This should just be yet another parable of corporate greed ruining a platform.
But this is more tragic. Much, much more tragic.
Because there are thousands of group leaders who have built up their communities on Meetup.com.
This isn't a slow-motion dying off, like with Tumblr or Geocities. This is all happening suddenly, and out of the blue.
Meetup is a huge platform. And its owners - out in the cold - have decided to set Meetup.com on fire so they themselves can stay warm a little bit longer.
What options do groups have?
The sad truth is there aren't many good alternatives for Meetup.com refugees.
If you create a group on Meetup.com, you will automatically get some amount of exposure - both from Google search and from Meetup's own internal recommendation engine.
Meetup has "network effects". As it becomes bigger, it becomes more useful. And more entrenched. Not unlike Facebook, Google, Amazon, or any other platform company.
Meetup.com benefits from network effects. Heck, they trademarked the common English expression "meetup" so nobody else can even use it.
I've spent the past 2 years looking for a good alternative for the dozens of freeCodeCamp study groups that are hosted on Meetup.com.
There are only two platforms that can give your group and your events comparable exposure: Facebook and Eventbrite.
Facebook has a "Groups" functionality that allows you to create events and allows people in your group to RSVP for them. It's free. And most people already have a Facebook account, even though fewer people use Facebook these days.
The problem with Facebook is it's hard to actually reach people - even inside your own Facebook group. You could have thousands of people in your Facebook group and only a few hundred of them will see your event when you post it.
You can of course pay Facebook to advertise your event. That's probably way cheaper than using Meetup.
Eventbrite is good, and is free for free events. It is less useful for groups with regular events.
And there are several functional clones of meetup.com as well - some of which are open source.
But none of these have much critical mass. Most of them are littered with groups created by people who were just tinkering, and events rarely get RSVPs - let alone actually happen.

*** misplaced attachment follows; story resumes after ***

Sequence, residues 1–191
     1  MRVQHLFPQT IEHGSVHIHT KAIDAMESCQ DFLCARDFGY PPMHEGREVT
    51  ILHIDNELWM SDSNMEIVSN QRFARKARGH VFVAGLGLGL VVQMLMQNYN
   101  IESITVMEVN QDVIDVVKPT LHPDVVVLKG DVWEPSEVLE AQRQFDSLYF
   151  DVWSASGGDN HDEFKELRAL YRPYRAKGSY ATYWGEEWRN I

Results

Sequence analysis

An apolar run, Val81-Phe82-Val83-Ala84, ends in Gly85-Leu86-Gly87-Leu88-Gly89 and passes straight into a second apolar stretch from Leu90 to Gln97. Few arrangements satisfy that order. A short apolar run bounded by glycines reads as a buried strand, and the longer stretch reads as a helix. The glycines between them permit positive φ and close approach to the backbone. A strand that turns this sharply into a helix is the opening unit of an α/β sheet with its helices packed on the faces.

The fundamental problem with these platforms is they aren't associated with any specific organization. They don't have a specific stakeholder raising awareness of the events.
These are big, general social network-like tools where anyone can create any type of event and make it public to everyone.
The good news is I've spent the past two years thinking about this problem. And there's a way we can get organizations onboard to bring their own networks.
A Better Way Forward: Self-Hosted Chapters
The solution is to let every organization host their own "Meetup.com in a box."
They can house this on their own servers. They can host this on their own website. And they can steer their own existing community to their own chapters' events.
This will give each organization full ownership and full control over their data. It will also let them configure the tool however best suits their chapters.
Organizations will no longer need to rely on a Meetup's big centralized directory of disparate groups and events. Instead, they can focus on growing their own audiences, boosting their own local SEO, and building their own event mailing lists.
freeCodeCamp is a donor-supported nonprofit. For the past 5 years, dozens of our local chapters have paid Meetup the $20 per month fee - totaling $10,000s of volunteers' money.
We have a Meetup problem. And we are building a solution for it. It's called Chapter.
Your organization will be able to use this solution, too. For free.
We started working on this last night in response to Meetup.com's announcement. And we're working as fast as we can to get this tool ready for you.
If you are an event organizer, or a nonprofit with a lot of chapters, know this: help is on the way.
This will be much better suited to your needs than Meetup was previously. And it will be free and fully under your own control.